Plants and algae use the enzyme Rubisco to fix carbon dioxide, removing it from the atmosphere and converting it into biomass. Algae have figured out a way to increase the efficiency of carbon fixation. They gather most of their Rubisco into a ball-shaped microcompartment called the pyrenoid, which they flood with a high local concentration of carbon dioxide. A team of scientists at Princeton University, the Carnegie Institution for Science, Stanford University and the Max Plank Institute of Biochemistry have unravelled the mysteries of how the pyrenoid is assembled. These insights can help to engineer crops that remove more carbon dioxide from the atmosphere while producing more food.

A warming planet

Im Focus: Highly precise wiring in the Cerebral Cortex

Our brains house extremely complex neuronal circuits, whose detailed structures are still largely unknown. This is especially true for the so-called cerebral cortex of mammals, where among other things vision, thoughts or spatial orientation are being computed. Here the rules by which nerve cells are connected to each other are only partly understood. A team of scientists around Moritz Helmstaedter at the Frankfiurt Max Planck Institute for Brain Research and Helene Schmidt (Humboldt University in Berlin) have now discovered a surprisingly precise nerve cell connectivity pattern in the part of the cerebral cortex that is responsible for orienting the individual animal or human in space.

The researchers report online in Nature (Schmidt et al., 2017. Axonal synapse sorting in medial entorhinal cortex, DOI: 10.1038/nature24005) that synapses in...

Im Focus: Tiny lasers from a gallery of whispers

New technique promises tunable laser devices

Whispering gallery mode (WGM) resonators are used to make tiny micro-lasers, sensors, switches, routers and other devices. These tiny structures rely on a...

Im Focus: Ultrafast snapshots of relaxing electrons in solids

Using ultrafast flashes of laser and x-ray radiation, scientists at the Max Planck Institute of Quantum Optics (Garching, Germany) took snapshots of the briefest electron motion inside a solid material to date. The electron motion lasted only 750 billionths of the billionth of a second before it fainted, setting a new record of human capability to capture ultrafast processes inside solids!

When x-rays shine onto solid materials or large molecules, an electron is pushed away from its original place near the nucleus of the atom, leaving a hole...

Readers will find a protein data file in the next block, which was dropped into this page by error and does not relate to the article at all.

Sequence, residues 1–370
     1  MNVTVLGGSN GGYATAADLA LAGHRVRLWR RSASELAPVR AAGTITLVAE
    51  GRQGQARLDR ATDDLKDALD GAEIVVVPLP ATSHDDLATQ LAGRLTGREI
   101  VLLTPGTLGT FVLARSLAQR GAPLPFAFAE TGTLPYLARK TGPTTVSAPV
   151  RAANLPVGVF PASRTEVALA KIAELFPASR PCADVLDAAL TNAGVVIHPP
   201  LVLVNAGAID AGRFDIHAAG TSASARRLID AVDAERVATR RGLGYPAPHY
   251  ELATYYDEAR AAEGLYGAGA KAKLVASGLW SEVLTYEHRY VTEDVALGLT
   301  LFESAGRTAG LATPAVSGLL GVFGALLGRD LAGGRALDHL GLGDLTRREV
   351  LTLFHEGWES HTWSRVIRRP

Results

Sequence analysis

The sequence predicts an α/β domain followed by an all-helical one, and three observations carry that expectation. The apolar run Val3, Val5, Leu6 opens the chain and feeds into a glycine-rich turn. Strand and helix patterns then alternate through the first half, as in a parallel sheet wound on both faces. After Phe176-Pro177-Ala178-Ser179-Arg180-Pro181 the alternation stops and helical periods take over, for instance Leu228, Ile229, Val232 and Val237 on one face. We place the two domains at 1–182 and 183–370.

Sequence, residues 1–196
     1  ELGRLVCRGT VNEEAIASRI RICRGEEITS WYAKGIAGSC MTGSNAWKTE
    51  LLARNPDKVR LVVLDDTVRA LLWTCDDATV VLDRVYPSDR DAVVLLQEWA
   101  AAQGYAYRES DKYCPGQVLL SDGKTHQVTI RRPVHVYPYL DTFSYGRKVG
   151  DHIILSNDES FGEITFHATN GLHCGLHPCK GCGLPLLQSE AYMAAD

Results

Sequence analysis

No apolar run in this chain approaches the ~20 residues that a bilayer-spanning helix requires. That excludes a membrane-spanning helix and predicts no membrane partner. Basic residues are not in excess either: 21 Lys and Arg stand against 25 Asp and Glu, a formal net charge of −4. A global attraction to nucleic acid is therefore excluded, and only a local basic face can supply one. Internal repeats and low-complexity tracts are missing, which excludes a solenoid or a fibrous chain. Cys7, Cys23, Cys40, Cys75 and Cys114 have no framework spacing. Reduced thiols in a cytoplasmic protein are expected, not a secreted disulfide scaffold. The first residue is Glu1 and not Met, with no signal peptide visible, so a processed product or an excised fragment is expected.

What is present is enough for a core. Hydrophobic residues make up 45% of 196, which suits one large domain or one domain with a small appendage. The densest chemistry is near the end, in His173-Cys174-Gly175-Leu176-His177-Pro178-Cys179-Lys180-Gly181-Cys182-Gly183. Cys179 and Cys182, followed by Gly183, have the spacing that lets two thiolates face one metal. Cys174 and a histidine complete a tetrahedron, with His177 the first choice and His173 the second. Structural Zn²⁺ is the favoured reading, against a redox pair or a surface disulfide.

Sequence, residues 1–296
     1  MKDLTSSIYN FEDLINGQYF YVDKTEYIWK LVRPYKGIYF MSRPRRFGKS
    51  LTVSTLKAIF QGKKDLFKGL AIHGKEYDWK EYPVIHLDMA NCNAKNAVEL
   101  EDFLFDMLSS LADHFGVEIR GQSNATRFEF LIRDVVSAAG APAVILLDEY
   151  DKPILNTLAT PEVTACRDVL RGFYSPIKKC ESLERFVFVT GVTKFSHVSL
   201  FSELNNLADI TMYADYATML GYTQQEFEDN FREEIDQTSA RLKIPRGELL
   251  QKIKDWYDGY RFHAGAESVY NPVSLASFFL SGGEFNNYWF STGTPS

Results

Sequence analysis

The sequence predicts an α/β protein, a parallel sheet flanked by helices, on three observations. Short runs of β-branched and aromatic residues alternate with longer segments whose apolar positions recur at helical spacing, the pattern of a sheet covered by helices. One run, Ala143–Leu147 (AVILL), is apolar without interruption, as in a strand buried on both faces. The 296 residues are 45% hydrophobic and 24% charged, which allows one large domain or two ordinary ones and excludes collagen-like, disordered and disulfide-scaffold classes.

Im Focus: Quantum Sensors Decipher Magnetic Ordering in a New Semiconducting Material

For the first time, physicists have successfully imaged spiral magnetic ordering in a multiferroic material. These materials are considered highly promising candidates for future data storage media. The researchers were able to prove their findings using unique quantum sensors that were developed at Basel University and that can analyze electromagnetic fields on the nanometer scale. The results – obtained by scientists from the University of Basel’s Department of Physics, the Swiss Nanoscience Institute, the University of Montpellier and several laboratories from University Paris-Saclay – were recently published in the journal Nature.

Multiferroics are materials that simultaneously react to electric and magnetic fields. These two properties are rarely found together, and their combined...

All Focus news of the innovation-report >>>

Anzeige

Anzeige

Event News

“Lasers in Composites Symposium” in Aachen – from Science to Application

19.09.2017 | Event News

I-ESA 2018 – Call for Papers

12.09.2017 | Event News

EMBO at Basel Life, a new conference on current and emerging life science research

06.09.2017 | Event News

 
Latest News

Rainbow colors reveal cell history: Uncovering β-cell heterogeneity

22.09.2017 | Life Sciences

Penn first in world to treat patient with new radiation technology

22.09.2017 | Medical Engineering

Calculating quietness

22.09.2017 | Physics and Astronomy

VideoLinks
B2B-VideoLinks
More VideoLinks >>>